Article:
Today in History: April 2, Pope John Paul II dies

Today marks the 14th anniversary of the death of Pope John Paul II, the beloved spiritual leader of the Catholic Church.

On April 2, 2005, the world mourned the passing of the beloved Pope, who had served as head of the Catholic Church for 26 years.

John Paul II, born Karol Józef Wojtyła in Wadowice, Poland, was the first non-Italian pope elected in 455 years. He was elected in 1978 at the age of 58 and was the third-longest serving pope in history.

During his papacy, he visited 129 countries, wrote 14 encyclicals, and made numerous trips to his homeland of Poland. He also developed strong relationships with leaders of other faiths, including the Jewish, Muslim, and Orthodox Christian faiths.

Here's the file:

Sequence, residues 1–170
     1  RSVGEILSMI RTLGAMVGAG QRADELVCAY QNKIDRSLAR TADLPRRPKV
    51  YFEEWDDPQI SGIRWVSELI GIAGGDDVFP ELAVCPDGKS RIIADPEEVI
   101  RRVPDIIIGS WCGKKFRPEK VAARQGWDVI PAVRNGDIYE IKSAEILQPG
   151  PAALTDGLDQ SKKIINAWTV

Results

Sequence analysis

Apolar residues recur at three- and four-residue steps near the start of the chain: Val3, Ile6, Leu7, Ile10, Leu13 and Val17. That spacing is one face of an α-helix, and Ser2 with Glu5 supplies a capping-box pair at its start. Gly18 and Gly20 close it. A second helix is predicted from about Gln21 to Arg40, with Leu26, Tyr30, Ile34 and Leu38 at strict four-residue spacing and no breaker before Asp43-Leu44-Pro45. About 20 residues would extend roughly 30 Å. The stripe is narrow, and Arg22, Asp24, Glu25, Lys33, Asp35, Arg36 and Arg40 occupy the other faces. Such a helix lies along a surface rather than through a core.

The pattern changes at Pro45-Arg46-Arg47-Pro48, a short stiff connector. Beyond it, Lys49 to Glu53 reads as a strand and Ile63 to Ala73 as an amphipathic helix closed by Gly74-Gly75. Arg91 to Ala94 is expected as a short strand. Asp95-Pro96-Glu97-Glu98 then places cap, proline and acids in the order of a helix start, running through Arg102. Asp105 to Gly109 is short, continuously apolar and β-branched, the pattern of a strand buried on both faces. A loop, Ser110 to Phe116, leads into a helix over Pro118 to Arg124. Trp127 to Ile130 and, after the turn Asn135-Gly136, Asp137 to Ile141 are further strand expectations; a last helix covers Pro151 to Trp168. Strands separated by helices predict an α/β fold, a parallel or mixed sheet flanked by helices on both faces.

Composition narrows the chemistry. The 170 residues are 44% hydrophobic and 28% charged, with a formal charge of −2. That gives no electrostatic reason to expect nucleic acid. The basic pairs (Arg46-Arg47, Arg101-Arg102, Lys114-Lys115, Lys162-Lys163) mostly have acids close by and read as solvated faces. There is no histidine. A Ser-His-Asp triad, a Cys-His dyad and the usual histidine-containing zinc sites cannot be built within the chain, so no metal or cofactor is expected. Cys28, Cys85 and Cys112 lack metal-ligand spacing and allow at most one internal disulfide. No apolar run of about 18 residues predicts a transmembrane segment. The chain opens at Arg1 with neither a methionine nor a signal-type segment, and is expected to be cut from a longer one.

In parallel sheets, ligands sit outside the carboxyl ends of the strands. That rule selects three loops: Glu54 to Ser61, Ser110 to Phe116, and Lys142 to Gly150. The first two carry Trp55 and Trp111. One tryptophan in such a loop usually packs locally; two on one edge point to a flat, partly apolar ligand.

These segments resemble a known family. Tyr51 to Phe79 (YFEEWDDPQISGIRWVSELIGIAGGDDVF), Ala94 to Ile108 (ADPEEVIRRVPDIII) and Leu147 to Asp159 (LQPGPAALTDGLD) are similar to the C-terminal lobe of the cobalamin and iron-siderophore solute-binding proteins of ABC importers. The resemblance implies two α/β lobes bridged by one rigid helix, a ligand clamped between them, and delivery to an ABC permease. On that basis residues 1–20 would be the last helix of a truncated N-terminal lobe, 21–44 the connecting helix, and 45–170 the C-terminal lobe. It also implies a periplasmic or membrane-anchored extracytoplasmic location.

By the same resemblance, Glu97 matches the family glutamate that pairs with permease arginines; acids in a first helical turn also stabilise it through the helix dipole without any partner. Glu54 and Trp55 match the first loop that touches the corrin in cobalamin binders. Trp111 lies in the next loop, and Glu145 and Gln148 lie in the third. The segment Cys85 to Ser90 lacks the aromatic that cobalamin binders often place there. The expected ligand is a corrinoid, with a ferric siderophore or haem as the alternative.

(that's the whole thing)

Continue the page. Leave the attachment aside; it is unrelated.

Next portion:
John Paul II was known for his strong commitment to social justice, peace, and human rights. He helped bring an end to Communist rule in his native Poland, and he also spoke out against poverty, war, and the death penalty. He also advocated for the rights of women, children, and the disabled.

Pope John Paul II was canonized as a saint in 2014 by his successor, Pope Francis. He is remembered for his compassion, humility, and dedication to the Catholic Church and its teachings.

Today, the Catholic Church and its followers around the world remember Pope John Paul II and his legacy of love and service.